The key to bird-safe glass is in transforming clear and reflective glazing into barriers that birds will see and avoid.

Image courtesy of Walker Glass Co. Ltd.

The City of Seattle’s Cedar River Municipal Watershed Headquarters located in North Bend, Washington, features bird-friendly glass with acid-etched designs so that birds can identify the glazing and avoid collision.

Solutions and Mitigation Strategies

Creating visual markers: Research has shown that birds begin to perceive buildings and houses as objects to be avoided when the distance between features or patterns on the glass is approximately 11 inches, with the most effective pattern distance at 4 inches edge-to-edge or less. The denser the pattern, the more effective it becomes in projecting itself as a solid object that is perceived by birds. The following glass and glazing products can help minimize bird-related injuries by creating visual markers:

  • Etch
  • Frit
  • Film
  • Decals
  • Fenestration patterns of vertical and horizontal mullions
  • Decorative grilles and louvers
  • Artwork
  • Ultraviolet (UV) patterns

Making architectural glass safe for birds is a responsible bird-friendly building design practice. The application of markers that are visible to birds and humans or visible to birds only and spaced 2 inches vertically or 4 inches horizontally on the outer pane of a window, with markers ideally located on or adjacent to the outer glass surface, will reduce bird-window collisions. Products following these prescriptive rules repeatedly have been shown to reduce collisions in an effort to help eliminate bird strikes. Products may be tested in order to verify the potential contribution to a bird-friendly design. The results of testing can provide documented third-party results of the threat factor (the lower the better) of a particular glazing solution.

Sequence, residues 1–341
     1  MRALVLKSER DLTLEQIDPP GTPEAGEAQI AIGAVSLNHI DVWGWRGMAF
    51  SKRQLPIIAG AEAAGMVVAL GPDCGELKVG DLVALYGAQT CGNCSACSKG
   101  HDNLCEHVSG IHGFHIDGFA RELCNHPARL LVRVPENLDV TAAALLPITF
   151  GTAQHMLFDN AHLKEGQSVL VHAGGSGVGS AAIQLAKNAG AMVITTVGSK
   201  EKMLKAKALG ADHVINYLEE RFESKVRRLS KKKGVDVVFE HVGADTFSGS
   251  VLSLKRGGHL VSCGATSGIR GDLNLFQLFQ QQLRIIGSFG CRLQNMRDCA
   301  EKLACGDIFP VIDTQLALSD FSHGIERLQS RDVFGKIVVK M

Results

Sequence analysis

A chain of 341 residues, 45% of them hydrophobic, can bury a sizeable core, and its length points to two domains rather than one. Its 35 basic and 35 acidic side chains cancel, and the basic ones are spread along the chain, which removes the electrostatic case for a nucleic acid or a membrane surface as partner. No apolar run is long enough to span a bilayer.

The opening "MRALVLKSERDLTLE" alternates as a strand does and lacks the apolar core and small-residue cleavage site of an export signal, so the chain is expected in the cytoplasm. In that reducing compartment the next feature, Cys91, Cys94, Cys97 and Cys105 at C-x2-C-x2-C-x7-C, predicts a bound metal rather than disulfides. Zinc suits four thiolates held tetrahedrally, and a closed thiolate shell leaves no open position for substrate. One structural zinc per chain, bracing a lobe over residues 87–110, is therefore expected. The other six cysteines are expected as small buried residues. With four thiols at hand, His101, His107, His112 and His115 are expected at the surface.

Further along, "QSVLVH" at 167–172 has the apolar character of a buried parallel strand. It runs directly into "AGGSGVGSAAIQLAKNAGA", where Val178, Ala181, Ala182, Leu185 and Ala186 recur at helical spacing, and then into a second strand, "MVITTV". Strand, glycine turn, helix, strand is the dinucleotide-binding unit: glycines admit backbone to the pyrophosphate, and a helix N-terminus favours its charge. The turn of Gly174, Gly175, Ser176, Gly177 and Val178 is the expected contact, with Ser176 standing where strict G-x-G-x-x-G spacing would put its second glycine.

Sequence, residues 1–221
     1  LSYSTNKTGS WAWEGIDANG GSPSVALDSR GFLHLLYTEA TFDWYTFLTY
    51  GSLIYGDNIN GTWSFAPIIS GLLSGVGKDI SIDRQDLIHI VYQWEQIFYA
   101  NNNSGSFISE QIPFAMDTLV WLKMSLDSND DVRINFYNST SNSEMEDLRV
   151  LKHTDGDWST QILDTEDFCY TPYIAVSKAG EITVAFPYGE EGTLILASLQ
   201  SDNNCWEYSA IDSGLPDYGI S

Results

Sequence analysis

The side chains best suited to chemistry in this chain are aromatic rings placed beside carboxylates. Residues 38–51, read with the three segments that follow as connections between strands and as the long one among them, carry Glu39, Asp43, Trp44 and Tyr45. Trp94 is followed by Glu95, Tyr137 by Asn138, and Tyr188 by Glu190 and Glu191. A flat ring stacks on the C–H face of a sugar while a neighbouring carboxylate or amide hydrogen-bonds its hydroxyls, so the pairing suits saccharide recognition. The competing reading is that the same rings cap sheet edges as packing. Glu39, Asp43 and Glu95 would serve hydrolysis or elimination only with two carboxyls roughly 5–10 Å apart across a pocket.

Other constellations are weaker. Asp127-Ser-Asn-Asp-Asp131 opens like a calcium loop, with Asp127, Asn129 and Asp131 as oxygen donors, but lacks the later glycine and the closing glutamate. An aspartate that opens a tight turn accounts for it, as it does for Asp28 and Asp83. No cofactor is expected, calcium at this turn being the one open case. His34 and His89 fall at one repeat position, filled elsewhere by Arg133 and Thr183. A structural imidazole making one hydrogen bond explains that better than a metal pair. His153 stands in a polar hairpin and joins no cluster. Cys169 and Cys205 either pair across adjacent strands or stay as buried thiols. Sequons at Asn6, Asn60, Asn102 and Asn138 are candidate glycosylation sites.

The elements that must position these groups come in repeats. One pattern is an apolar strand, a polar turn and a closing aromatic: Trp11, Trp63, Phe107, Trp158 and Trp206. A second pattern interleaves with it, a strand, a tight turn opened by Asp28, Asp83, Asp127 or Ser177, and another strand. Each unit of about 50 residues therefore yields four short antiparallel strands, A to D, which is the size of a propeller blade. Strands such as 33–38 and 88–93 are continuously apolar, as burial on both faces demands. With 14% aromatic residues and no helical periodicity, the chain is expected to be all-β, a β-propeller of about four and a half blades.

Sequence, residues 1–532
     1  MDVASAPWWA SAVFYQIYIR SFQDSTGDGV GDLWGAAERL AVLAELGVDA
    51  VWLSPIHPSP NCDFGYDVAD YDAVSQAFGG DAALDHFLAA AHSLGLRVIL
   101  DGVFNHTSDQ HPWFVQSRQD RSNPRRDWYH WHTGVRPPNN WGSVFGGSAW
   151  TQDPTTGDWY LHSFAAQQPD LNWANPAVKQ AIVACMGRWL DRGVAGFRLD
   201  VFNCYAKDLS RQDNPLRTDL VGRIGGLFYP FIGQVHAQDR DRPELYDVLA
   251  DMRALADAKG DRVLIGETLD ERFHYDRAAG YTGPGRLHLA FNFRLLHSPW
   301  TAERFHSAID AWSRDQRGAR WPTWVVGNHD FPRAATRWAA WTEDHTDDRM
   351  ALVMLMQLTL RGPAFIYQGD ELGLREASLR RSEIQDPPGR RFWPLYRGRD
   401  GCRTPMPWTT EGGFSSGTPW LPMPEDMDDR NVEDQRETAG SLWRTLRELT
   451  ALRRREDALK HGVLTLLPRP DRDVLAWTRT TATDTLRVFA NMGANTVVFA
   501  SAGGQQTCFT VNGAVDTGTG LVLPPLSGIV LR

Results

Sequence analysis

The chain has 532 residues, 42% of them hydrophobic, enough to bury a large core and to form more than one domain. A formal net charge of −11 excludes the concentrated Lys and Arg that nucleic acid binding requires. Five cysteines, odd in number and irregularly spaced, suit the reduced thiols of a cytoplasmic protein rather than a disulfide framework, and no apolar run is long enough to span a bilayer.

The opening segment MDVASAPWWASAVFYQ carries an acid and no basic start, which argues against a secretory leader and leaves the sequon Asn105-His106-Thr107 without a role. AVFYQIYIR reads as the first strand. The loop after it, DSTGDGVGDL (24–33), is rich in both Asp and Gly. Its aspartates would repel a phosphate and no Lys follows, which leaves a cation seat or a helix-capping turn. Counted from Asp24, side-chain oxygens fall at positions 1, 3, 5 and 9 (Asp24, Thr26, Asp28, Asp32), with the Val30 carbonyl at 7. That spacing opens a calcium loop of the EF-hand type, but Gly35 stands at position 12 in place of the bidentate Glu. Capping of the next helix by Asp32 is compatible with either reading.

Muting reflections: Muting reflections is an important strategy in glass facade design. Strategies to mute reflections include:

  • Angled glass
  • Awnings and overhangs
  • Sunshades
  • Screens, grilles, or mesh
  • Shutters
  • Louvers
  • Window film

Dimming artificial lights at night: The bright artificial lights found in metropolitan areas can attract and disorient migrating birds. In cities located throughout North America, a program such as “Lights Out” may be effective in reducing bird deaths.

Studies have shown that creating visual markers, muting reflections in glass facades, and minimizing light pollution are ways to create more bird-friendly environments. There are a variety of glass and glazing solutions offered by glass fabricators and other stakeholders that will reduce bird collisions.

Legislation and LEED as Drivers for Bird-Friendly Glass

In June 2020, the U.S. House of Representatives passed H.R. 2, the Moving Forward Act, which included H.R. 919, known as the Bird-Safe Buildings Act. The bill mandates that all public buildings managed by the General Services Administration (GSA)—including new construction, newly acquired buildings, and buildings set for substantial renovation—be designed or altered with bird-friendly materials.

There are many exceptions, including buildings on the historic registry, but those that must become bird-friendly require that 90 percent of the exposed facade material from ground level to 40 feet be either not composed of glass or composed of glass with bird-safe modifications. It also requires that at least 60 percent of the exposed facade above 40 feet meet a modified glass standard, that there should be no transparent passageways or corners, and that all glass adjacent to atria or courtyards containing water features, plants, and other bird attractants also meet the glass standard.

Legislation is one way to push for bird-friendly glass. There are also incentives. The U.S. Green Building Council’s Leadership in Environmental and Energy Design (LEED) green building rating system now enables architects, designers, developers, and building owners to earn credit for incorporating design strategies that reduce bird collisions. The credit is currently being tested in the LEED Pilot Credit Library, a rating system development tool that encourages new or innovative green building technologies.

Photo courtesy of Walker Glass Co. Ltd.

Birds can perceive etching on glass and glazing products, which helps minimize bird-related injuries by creating visual markers.

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Originally published in Architectural Record
Originally published in July 2021